This is a gentle novel but it doesn't shy away from serious and difficult topics. This is the second of the Elm Creek Quilts novels I have read. They don't need to be read in any order as they all involve people coming and going from a quilting centre – some of the stories are about ongoing characters and some are not. They are female in their concerns and orientations although an open minded male would no doubt enjoy them also. This setting is a quilt retreat for Thanksgiving where women come together to learn and share quilting techniques and to create quilts for charity. It is common for there to be a charitable element in any gathering of crafty people as we see in Camden with our Wrap with Love blankets, our Christmas stocking for the Hospital auxiliary etc. Each of the women who come to the retreat has their own story and we explore a couple of them including the cheerleader who has had a critical fracture, the wife who became a coach to help the school's team in a challenge where other teams cheated and the woman who didn't get a job at the Elm Creek centre when she applied some time before. Life events are often upsetting but there is comfort in helping each other through them. Wendy

July 13, 2014

Book Review - Sycamore Row by John Grisham

Another intriguing legal thriller by the master. Why did Seth Hubbard, an anti-social businessman leave 90% of his considerable estate to his housekeeper of three years? Struggling street lawyer, Jake Brigance, lands the second great case of his career in being appointed attorney for Seth's estate. The estranged family are outraged and packs of lawyers circle like hungry sharks when the true extent of his estate – over $20 million - is revealed. A court case ensues and there are many surprises in store for Jake and his support crew. Masterly plotted entertainment with a tragic twist in the tail. Wendy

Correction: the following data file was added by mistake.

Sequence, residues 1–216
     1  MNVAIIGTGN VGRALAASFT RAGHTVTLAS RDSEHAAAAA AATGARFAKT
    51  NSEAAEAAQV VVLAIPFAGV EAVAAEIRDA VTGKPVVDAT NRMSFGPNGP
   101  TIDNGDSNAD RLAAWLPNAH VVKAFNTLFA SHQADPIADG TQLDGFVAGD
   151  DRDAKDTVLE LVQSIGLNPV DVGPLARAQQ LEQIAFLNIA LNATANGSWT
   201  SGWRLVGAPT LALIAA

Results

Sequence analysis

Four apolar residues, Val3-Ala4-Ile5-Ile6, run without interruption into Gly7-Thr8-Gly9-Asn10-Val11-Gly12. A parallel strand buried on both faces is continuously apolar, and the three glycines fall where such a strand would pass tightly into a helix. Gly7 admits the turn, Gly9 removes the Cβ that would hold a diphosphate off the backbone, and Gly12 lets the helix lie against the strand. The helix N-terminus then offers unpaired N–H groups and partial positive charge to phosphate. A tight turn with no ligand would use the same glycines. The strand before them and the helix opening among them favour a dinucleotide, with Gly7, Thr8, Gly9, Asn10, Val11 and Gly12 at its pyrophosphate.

July 11, 2014

Book Review - Blood Song: Born for Battle, Bred for War by Anthony Ryan

I try not to read new series until they are all published because I don't like to wait for the next installment but I'm glad I broke my rule for this one. It contains all the classic elements of the fantasy genre and they are put together in a very classy way. A young boy, Vaelin Al Sorna, is sent by his father to a warrior monk's enclave after his mother's death. He hates his father for this but commits himself to this future. With a group of companions, he endures training and hardship, forging links of steel within his cohort. By the end of this book, we have learnt more of why his father acted as he did and that it was not as black and white as Vaelin first thought. We understand a little more of the personal, political and religious forces at work. We have met several enigmatic and significant women and we have endured with Vaelin and his companions through physical and moral challenges. The author has followed the best examples in fantasy writing in introducing the world of the book to our consciousness slowly, as the boy, Vaelin, learns about it himself. No worrying about who is related to whom or what the social mores are, we learn about them through the action of the story. Each element of the story adds seamlessly to our knowledge of the complexity of this world. This is excellent and I can't wait for the next one.

July 09, 2014

Book Review - Loss of Innocence by Richard North Patterson

June 1968. USA. Whitney is the daughter of privilege and engaged to be married to an acceptable suitor, when she meets a charismatic and unsettling boy from the wrong side of the tracks. A social conscience is not necessarily encouraged in her social set, but the assassination of Bobby Kennedy, and the general turmoil of social, class and racial upheaval, act as a catalyst in changing her future. More reflective than his earlier books, this is an assured and confident novel. Wendy

July 07, 2014

Book Review - Perfect by Rachel Joyce